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Facebook UnlikeSo many people ask me to “like” them on Facebook. When I am asked this I cringe… I just “don’t do Facebook.”

I know many feel it’s a great social platform and they use it to communicate their businesses and social networking causes… After all, statistics show that Facebook is the largest online social networking site.

I used to use Facebook, at least for a couple of years, but I bailed out, haven’t looked back and I really don’t regret it.

The reason why I don’t like Facebook (and subsequently dumped it) was due to a multitude of reasons…

One: People, close to you, get carried away, there’s too much drama and color. They tell everything – what they ate, what their kid did in the toilet, where they are going, they engage in colorful online disagreements, etc. I really don’t care to know what they are doing all the time or want to be part of the negativity in their lives. I know some people love that stuff – I don’t.

Two: I enjoyed, initially, hooking up with people that I hadn’t seen in ages, like people from high school; it was kinda cool. Then, I started to realize after a time, I really wasn’t friends with them in school – I didn’t really know them then and I don’t really know them now – it was all so false. Seemed people were grappling for NUMBERS – how many people followed them. So, I guess, the second thing I didn’t like was all the falseness and there seemed an abundance of it – from everyone!

Three: I began to realize how much PERSONAL information was being pumped into Facebook and I read stories and articles about how government agencies (and other undesirables) were using Facebook as a data mining site. That didn’t sit well with me and I certainly didn’t want to be part of the party. That actually sealed my decision to abort…

But, maybe it was also due to age…

I’m not afraid to admit it!small facesmall face

Some more Facebook statistics shows that the average Facebook user is between the ages of 35-44 years of age and I left 44 in the dust some time ago…

Anyways, nowadays, when I tell people I “don’t do Facebook” it’s like a social faux pas…

People act shocked or dismayed; they plead with me to reconsider; they delete me on other social platforms. Over Facebook! Get REAL!!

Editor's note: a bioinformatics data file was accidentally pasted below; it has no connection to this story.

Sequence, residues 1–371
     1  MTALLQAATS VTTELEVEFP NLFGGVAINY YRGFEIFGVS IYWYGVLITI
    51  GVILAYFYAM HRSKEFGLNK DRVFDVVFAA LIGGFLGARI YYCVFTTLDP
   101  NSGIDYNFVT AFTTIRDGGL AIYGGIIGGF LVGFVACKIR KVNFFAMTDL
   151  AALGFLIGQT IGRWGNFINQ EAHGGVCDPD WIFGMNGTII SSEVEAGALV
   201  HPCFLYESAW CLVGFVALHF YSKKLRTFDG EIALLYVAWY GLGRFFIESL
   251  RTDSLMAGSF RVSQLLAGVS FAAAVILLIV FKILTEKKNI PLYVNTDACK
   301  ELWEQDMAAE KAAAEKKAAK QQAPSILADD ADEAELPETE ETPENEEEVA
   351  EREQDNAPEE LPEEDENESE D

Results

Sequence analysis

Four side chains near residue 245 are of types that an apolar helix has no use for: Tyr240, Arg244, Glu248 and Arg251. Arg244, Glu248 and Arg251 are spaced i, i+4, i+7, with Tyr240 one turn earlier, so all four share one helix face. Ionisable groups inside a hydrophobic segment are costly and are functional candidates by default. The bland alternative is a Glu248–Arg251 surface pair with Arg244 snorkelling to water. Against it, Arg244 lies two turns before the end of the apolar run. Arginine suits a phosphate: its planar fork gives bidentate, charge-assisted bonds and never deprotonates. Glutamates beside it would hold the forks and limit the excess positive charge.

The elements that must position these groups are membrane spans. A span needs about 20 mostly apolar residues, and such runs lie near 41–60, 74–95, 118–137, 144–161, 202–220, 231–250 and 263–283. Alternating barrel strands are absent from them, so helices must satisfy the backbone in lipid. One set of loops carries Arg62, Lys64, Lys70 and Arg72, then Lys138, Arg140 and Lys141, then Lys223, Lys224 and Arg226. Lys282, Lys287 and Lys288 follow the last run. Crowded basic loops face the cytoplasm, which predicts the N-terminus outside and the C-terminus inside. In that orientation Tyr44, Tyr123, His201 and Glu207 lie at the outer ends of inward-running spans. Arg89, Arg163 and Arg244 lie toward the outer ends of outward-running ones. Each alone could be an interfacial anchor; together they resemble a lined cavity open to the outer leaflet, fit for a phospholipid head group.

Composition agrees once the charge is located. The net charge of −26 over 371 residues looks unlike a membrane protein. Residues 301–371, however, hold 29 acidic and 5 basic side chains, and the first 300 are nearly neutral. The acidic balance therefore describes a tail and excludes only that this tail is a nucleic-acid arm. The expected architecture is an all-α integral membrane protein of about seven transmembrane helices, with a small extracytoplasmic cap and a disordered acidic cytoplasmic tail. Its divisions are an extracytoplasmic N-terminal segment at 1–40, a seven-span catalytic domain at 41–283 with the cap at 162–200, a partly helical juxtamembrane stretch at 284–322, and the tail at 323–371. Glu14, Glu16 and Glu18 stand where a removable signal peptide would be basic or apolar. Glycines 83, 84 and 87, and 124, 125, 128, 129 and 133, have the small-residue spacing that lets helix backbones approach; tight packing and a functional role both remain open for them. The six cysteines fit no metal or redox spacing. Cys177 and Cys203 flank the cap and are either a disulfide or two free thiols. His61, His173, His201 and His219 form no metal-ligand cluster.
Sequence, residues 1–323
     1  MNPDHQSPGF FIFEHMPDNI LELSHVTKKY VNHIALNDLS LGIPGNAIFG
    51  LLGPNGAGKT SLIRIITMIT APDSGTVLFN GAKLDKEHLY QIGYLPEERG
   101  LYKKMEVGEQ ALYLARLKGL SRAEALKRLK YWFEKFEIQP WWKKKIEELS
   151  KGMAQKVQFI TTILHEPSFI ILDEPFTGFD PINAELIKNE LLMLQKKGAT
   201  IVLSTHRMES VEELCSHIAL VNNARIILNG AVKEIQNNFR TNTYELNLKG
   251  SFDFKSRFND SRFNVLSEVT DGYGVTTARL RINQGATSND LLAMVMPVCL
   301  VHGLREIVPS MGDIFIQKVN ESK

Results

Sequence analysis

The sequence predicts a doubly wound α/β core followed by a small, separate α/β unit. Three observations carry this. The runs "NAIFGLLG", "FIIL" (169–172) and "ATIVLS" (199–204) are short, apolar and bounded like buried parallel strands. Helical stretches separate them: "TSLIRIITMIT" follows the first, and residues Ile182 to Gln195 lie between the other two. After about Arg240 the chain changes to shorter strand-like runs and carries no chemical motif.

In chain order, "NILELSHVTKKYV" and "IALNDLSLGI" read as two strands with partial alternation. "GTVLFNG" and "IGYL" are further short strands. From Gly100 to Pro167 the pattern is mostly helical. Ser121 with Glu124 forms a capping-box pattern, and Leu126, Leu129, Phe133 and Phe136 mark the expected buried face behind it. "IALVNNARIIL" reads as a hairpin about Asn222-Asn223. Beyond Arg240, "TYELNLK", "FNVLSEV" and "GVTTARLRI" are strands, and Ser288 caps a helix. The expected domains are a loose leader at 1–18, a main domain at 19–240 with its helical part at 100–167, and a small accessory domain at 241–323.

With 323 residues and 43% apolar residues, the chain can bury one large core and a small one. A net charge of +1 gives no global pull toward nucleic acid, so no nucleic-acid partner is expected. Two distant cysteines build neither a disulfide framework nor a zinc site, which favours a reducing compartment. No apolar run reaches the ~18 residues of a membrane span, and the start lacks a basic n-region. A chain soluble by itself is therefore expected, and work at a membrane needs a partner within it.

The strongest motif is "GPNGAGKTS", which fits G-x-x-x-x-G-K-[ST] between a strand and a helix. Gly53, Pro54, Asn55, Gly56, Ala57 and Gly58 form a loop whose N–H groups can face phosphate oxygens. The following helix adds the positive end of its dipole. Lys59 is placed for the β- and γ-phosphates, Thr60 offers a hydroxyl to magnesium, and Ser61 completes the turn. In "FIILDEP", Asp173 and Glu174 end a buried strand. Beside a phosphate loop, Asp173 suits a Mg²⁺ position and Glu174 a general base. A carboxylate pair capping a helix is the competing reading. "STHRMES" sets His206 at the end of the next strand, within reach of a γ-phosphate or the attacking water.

I’ve lost friends, both virtual and real, because I “don’t do Facebook.” I find that totally unbelievable…

But I really don’t care. I don’t like Facebook and even though I politely tell them so, they don’t know how to graciously accept it.

So I ask, as apparently I do not know how…

How does one politely tell someone that you “don’t do Facebook“?

And, even more so, how does one do so, so that the other person does not go off in a huff, personally offended as it is, just because you don’t?

It’s a mystery to me but, obviously, people take their Facebook very seriously…

Seductive Facebook

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I love to hear about happy endings…!

smileyfaces

From Ananova

Facebook reunited kidnapped son with mum

Social networking site Facebook has reunited a kidnapped son with his Mum, 27 years after he disappeared.

Avril Grube, 62, was awarded custody or her son Gavin Paros when she split with his Hungarian father in 1982. Mr Paros was given visiting rights to his son, but one afternoon he took Gavin out for the day and never returned.

Avril and her sister Beryl Wilson, 59, never gave up the search for Gavin. They made contact with the Hungarian embassy and even took the plight to the then Prime Minster Margaret Thatcher.

Ms Wilson told the BBC: “He said he was going to the zoo or somewhere and when he didn’t arrive back we found out he had taken him to Hungary.

“My sister was devastated, her health suffered. We tried everything, but no-one wanted to know.”

It wasn’t until March this year that Ms Wilson tried using the web to track him down. She entered his name into a search engine which took her straight to his Facebook profile. It shown he was born in Liverpool and his mother’s name was mentioned on his profile.

Ms Grube was said to be “on cloud nine” when told her sister had tracked her son down and they met in person for the first time this week.

“My sister would phone him on a Sunday and speak to him through an interpreter. She is just on cloud nine. They have been hugging, really, really happy.”

Plasterer Gavin, who celebrates his 30th birthday this Sunday, is married with three kids and said he’d spent the last five years trying to trace his mother.

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